San José, Costa Rica’s capital, is most people’s entry point to the country. Among the main attractions are the famous Jade and Gold Museums and the National Theatre building. Other areas of interest close by are Sarchí known for artisan crafts; Poas and Irazu Volcanoes; La Paz Waterfall Gardens; ancient archaeological ruins at Guayabo; and the Spanish colonial Cartago Basilica.
Manuel Antonio National Park.
Consistently voted as one of the must-see places in Costa Rica, Manuel Antonio National Park encompasses rugged, lush green rainforests, vibrant coral reefs and palm-fringed beaches. Famous for its vast array of flora and fauna, this national park is home to rare species like the three-toed sloths and white-faced monkeys. It is also home to some of the top beaches in the world - Espadilla Sur Beach and Manuel Antonio Beach are about a 30 minute walk from the main entrance to the park, providing the perfect paradise pit-stop.
Climbing Cerro Chirripo, the tallest mountain in Costa Rica will give you some of the best views of the country. Making the arduous journey to the top will be met with an incredible panoramic shot of both the Pacific Ocean and the Caribbean sea. The trek is around 20 km and passes through a variety of cloud forests and paramos. Upon reaching the top, you can see the incredible landscape of the country, green valleys and sparkling lakes. There are many hikes to choose from depending on your level of expertise and fitness, and can take anything from 1 day to 4 days to reach the summit.
White water rafting in Turrialba.
Turrialba is arguably one of the best places in the world for white water rafting. Drifting along the mighty Pacuare River with steep canyon waterfalls plunging into the water below, dense jungle flanking the river on either side. Adrenaline pumping, hearts racing, you’re thrashing your way through 11 sections of intense rapids before reaching the calm waters at the end where you can finally take in and appreciate the natural beauty of the area after your unforgettable white water rafting experience.
Osa Peninsula & Corcovado:
A remote area of natural beauty containing the Corcovado National Park set in a lesser-visited peninsula off the South West corner of Costa Rica. This region offers perhaps the most unspoiled and best area to see Costa Rica’s wildlife and biodiversity at its finest. Wonderful scenic hiking and the added attraction of some of Central America’s best snorkeling and diving at Caño Island make this a jewel in Costa Rica’s tourism crown.
Economy of Costa Rica:
Costa Rica is a small nation in Central America that has experienced significant economic growth in recent years. The country has a diverse economy that is driven by both the agricultural and service sectors. The agricultural sector accounts for about 6.4% of the country’s GDP, while the service sector makes up the majority of the country’s economy, accounting for over 65% of the country’s GDP.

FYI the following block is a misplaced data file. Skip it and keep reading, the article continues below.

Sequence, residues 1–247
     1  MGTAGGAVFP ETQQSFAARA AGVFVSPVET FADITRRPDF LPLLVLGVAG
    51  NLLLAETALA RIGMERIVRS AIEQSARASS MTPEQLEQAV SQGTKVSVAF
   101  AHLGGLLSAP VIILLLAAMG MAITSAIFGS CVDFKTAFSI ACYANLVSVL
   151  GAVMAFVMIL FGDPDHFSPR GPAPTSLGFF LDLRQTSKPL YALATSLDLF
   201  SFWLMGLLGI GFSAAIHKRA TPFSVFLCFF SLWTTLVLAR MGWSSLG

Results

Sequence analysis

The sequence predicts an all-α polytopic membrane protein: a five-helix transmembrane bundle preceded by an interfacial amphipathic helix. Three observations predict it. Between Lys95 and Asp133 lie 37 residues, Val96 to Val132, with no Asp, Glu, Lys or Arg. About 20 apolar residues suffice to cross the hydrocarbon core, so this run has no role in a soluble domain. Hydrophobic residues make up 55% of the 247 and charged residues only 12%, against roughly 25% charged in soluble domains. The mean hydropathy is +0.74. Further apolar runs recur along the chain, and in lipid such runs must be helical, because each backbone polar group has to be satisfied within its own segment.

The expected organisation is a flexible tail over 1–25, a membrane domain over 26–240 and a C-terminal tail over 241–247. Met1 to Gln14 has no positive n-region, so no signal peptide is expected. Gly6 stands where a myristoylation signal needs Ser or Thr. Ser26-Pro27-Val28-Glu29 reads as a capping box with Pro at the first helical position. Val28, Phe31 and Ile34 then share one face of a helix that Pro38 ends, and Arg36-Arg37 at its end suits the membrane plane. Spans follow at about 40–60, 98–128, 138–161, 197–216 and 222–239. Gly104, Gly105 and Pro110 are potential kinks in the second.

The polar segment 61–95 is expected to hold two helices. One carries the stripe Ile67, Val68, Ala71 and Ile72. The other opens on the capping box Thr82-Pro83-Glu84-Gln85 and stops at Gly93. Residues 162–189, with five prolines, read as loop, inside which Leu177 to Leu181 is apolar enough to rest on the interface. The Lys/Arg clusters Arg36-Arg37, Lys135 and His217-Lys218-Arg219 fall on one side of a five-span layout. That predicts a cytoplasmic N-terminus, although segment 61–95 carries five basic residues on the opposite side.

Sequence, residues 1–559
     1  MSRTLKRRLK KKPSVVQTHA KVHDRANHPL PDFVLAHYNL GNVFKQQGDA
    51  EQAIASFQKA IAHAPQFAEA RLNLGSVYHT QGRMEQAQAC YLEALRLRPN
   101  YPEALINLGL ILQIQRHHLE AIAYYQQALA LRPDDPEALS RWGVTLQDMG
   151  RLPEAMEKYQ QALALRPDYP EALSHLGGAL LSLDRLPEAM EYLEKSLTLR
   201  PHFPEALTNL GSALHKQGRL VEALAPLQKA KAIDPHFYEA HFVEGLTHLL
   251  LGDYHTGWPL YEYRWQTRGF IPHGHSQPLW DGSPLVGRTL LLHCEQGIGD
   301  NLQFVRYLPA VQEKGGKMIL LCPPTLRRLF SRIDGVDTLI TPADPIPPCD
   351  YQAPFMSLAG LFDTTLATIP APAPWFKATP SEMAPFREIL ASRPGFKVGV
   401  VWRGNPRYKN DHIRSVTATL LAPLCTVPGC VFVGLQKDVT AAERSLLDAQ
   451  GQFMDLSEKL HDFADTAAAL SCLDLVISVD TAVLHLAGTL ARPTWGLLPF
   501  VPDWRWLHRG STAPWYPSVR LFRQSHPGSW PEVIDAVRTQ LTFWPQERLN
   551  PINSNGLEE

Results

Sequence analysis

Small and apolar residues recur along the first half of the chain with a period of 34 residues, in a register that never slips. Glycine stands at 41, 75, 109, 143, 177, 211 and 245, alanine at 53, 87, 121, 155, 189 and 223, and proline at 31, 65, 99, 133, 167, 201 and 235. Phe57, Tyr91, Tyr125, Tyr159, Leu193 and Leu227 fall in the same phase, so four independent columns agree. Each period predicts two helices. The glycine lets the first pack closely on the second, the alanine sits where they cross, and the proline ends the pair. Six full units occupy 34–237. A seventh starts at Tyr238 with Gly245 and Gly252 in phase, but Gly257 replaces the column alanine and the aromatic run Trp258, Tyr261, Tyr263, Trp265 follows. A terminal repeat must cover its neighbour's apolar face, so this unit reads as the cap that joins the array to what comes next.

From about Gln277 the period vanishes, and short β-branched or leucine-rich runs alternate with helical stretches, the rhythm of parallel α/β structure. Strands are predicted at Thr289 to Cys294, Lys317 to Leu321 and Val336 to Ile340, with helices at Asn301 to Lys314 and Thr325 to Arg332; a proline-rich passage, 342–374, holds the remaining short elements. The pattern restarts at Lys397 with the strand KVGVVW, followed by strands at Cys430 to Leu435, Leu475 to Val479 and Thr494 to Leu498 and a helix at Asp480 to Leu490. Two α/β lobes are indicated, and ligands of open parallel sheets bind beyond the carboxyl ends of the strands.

The Costa Rican economy has benefited from both foreign investment and tourism, which have been major drivers of the country’s economic growth. The country has also seen an increase in foreign direct investment in recent years, which has helped to strengthen the economy and create new jobs. Costa Rica has also benefited from its membership in the Central American Free Trade Agreement (CAFTA), which has allowed the country to access new markets and increase its exports.
Costa Rica’s economy is also characterized by its reliance on natural resources, such as its forests and fisheries, which provide employment for many of its citizens. The country has also invested heavily in renewable energy sources, such as hydroelectric power, and is working to reduce its carbon emissions.
Despite the country’s economic growth, there are still areas of concern, such as the country’s high unemployment rate. Additionally, the country has seen a rise in poverty in recent years, particularly in rural areas. The government has taken steps to address these issues, including increasing access to education and healthcare and providing support for small businesses.
Overall, the economy of Costa Rica has seen significant growth in recent years. The country has benefited from foreign investment, tourism and CAFTA, and is working to reduce poverty and unemployment. With the right policies in place, Costa Rica can continue to experience economic growth and development in the years to come.